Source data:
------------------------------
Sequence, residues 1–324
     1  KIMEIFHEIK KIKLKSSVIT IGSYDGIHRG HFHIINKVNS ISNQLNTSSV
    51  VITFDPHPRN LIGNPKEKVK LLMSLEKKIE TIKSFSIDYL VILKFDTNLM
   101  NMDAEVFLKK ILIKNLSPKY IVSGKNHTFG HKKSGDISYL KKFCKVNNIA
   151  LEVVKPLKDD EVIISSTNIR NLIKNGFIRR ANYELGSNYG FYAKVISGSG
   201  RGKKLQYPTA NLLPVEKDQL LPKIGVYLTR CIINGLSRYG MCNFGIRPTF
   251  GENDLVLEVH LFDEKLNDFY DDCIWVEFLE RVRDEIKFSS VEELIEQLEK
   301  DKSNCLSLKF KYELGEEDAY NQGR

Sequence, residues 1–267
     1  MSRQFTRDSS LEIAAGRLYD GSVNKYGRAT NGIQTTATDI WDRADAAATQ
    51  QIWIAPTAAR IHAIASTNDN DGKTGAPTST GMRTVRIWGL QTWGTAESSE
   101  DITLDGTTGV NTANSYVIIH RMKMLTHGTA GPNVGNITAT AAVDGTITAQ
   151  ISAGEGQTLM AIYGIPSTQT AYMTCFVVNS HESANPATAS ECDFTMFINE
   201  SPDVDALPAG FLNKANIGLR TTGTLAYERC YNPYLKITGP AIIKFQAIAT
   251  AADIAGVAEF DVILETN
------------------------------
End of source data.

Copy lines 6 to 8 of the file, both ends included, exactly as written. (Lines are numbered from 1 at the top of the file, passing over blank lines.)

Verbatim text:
   201  RGKKLQYPTA NLLPVEKDQL LPKIGVYLTR CIINGLSRYG MCNFGIRPTF
   251  GENDLVLEVH LFDEKLNDFY DDCIWVEFLE RVRDEIKFSS VEELIEQLEK
   301  DKSNCLSLKF KYELGEEDAY NQGR